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||2 weeks ago|
|old||2 weeks ago|
|4joy_adapter.ino||10 months ago|
|README.md||10 months ago|
|interrupt_test.ino||4 years ago|
|old3.txt||10 months ago|
|stuff.ino||4 years ago|
|temp.ino||4 years ago|
& 'C:\Program Files (x86)\Arduino\hardware\tools\avr\bin\avr-objdump.exe' -S "C:\\Users\\lehti\\AppData\\Local\\Temp\\arduino_build_208947/c64_4joystick-adapter.ino.elf" > c:\temp\koe.txt
cli // 1 clock PORTB = *ptr; // is this atomic? probably, because ptr is 6-bit pointer. nope... f98: e0 91 26 01 lds r30, 0x0126 ; 0x800126 <__data_end> // 2 clocks f9c: f0 91 27 01 lds r31, 0x0127 ; 0x800127 <__data_end+0x1> // 2 clocks fa0: 80 81 ld r24, Z // 1 clock fa2: 85 b9 out 0x05, r24 ; 5 // 1 clock sei // 1 clock
cli mov r31, r1 mov r30, gpior0 ld r24, Z out 0x05, r24 sei
using data/i/o space
- lds can load from io (if +0x20 added to address) or data space
- sts can store from register to io (if +0x20 added to address) or data space
- in can load from io to register
- out can write from register to io
- only one io/data address space access within one instruction?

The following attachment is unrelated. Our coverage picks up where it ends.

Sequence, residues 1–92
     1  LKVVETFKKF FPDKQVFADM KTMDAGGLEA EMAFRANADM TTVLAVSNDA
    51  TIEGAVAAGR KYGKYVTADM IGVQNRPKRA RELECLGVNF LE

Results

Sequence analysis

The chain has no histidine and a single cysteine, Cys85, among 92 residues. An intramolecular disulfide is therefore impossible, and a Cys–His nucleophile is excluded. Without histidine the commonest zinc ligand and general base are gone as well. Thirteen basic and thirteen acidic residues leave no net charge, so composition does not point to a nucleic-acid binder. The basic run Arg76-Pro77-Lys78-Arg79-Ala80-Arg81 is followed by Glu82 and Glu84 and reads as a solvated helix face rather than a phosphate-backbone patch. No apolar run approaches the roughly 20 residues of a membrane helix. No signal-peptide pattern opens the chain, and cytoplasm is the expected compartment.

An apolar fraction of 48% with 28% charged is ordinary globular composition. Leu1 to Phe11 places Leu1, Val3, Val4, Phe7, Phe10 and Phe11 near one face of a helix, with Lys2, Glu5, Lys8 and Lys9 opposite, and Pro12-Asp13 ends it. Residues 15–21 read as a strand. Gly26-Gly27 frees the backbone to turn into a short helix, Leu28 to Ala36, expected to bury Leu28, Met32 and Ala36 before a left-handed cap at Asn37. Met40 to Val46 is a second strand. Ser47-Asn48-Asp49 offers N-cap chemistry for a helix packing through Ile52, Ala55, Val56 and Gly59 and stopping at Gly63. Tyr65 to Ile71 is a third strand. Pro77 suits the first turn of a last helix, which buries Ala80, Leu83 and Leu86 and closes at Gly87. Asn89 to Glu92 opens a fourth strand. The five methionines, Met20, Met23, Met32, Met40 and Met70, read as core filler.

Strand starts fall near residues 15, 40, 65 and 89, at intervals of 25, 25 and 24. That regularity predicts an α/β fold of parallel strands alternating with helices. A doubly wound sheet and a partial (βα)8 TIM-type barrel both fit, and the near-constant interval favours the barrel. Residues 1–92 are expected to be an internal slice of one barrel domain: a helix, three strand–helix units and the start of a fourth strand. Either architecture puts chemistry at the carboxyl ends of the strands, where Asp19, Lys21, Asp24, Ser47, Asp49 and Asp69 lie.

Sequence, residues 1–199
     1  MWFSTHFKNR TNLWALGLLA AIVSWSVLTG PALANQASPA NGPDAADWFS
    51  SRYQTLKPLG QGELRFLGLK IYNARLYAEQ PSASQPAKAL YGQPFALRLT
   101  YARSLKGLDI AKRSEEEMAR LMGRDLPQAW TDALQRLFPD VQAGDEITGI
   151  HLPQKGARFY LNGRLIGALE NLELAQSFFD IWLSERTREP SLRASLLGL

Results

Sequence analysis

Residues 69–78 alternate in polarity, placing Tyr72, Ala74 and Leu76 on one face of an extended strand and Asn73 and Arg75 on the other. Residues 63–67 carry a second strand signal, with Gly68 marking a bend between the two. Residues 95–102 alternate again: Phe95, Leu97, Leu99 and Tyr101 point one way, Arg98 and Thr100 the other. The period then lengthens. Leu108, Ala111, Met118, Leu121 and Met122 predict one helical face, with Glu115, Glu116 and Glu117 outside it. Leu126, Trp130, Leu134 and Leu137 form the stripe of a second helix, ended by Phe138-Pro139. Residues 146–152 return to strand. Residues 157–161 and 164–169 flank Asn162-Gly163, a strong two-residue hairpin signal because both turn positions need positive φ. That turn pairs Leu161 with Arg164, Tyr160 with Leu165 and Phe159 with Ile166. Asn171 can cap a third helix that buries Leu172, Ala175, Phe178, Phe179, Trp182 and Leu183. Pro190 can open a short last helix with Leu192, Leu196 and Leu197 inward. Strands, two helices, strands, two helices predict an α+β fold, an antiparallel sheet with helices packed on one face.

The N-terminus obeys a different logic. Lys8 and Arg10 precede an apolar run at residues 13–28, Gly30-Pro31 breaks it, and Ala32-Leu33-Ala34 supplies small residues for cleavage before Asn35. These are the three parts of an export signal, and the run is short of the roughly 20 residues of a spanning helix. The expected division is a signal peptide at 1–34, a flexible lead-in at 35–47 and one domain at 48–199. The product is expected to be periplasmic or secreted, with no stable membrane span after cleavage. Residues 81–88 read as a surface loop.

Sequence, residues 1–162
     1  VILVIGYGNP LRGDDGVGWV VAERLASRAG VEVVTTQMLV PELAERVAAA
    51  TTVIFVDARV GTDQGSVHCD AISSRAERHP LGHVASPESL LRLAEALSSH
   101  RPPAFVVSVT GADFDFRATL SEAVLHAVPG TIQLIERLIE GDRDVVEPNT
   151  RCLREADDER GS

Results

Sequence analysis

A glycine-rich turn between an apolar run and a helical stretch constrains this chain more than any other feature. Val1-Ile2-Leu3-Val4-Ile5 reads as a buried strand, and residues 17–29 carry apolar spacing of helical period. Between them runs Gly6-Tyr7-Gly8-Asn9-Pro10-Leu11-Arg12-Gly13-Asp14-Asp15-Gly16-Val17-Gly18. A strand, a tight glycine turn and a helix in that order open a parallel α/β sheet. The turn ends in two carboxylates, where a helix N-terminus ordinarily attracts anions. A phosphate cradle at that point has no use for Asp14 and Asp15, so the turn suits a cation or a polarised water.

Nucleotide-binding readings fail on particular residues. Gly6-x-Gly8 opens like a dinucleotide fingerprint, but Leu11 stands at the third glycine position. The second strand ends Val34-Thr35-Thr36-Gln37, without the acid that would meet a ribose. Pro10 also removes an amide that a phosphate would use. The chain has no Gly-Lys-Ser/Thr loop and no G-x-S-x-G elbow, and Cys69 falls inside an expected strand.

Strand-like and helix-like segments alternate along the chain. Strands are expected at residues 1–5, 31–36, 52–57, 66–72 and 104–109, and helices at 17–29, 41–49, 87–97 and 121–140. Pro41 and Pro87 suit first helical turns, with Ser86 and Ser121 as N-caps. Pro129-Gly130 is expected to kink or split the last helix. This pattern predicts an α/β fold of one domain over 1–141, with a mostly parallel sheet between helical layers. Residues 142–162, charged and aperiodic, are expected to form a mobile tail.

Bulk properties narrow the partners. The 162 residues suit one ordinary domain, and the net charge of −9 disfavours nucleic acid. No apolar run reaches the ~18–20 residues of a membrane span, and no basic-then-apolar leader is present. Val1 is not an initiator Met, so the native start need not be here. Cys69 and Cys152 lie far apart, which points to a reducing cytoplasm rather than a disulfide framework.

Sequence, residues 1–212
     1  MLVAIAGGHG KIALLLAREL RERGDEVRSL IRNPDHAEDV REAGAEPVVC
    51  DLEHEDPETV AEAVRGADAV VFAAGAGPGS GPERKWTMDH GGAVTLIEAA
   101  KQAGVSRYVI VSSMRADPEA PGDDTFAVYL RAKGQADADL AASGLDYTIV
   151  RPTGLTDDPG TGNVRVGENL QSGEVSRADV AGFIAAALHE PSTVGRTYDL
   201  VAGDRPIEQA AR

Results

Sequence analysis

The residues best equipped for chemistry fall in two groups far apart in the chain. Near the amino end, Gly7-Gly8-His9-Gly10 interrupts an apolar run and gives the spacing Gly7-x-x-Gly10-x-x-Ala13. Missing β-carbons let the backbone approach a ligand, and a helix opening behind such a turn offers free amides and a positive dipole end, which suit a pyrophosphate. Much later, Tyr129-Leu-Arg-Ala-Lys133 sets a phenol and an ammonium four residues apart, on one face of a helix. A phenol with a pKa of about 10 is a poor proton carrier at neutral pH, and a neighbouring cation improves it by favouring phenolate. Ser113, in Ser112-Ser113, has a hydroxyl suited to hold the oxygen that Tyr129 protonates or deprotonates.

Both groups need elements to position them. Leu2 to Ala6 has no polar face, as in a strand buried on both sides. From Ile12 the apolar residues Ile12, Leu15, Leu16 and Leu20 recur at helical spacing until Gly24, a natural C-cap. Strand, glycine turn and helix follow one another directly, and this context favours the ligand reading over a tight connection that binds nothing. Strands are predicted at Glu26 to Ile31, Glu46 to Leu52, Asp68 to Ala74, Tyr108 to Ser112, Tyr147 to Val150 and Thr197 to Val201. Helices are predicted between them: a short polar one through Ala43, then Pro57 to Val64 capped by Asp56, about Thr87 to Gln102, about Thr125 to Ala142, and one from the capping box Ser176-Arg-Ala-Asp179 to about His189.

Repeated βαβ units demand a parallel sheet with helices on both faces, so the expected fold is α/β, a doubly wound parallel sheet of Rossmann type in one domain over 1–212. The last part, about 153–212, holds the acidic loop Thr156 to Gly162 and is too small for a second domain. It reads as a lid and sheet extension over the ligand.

- lds/sts takes 2 cycles and in/out takes 1 cycle? ldi takes 1 cycle?
- lds/sts: "M" _SFR_MEM_ADDR(GPIOR2), in/out: "I" _SFR_IO_ADDR(GPIOR0)
This is from the datasheet for the AT90USB82 processor; things in parenthesis are from me... -The interrupt execution response for all the enabled AVR interrupts is five clock cycles minimum (the processor is fixin' to execute the interrupt) -The vector is normally a jump to the interrupt routine, and this jump takes three clock cycles (the processor jumps to the ISR) -SREG must be saved and restored (the processor doesn't do this for us and SREG is important) -A return from an interrupt handling routine takes three clock cycles -When the AVR exits from an interrupt, it will always return to the main program and execute one more instruction before any pending interrupt is served Those are the things necessary just to get the ISR called. We have not yet added the application stuff (incrementing an unsigned long in BetterSense's case). Adding those up gives us 5+3+2+3+1 = 14. The absolute maximum number of interrupts per second that can be handled by the AT90USB82 is 16 million instructions per second / 14 instructions per interrupt = 1,142,857 interrupts per second.
register as variable
- volatile register unsigned char my_register asm("r2");
running code from ram
- "AVRs are Harvard architecture CPUs, so they CANNOT run code out of RAM, so that directive can't possibly do anything of any value whatsoever."
- "Yes, Harvard IS the reason. A Harvard CPU, by definition, has separate code and data memory spaces. They execute code from one memory, and fetch data from a different memory. What you're seeing is most likely the compiler pretending the directive can do what you want, but the linker doing the only thing it can do - putting that code in FLASH."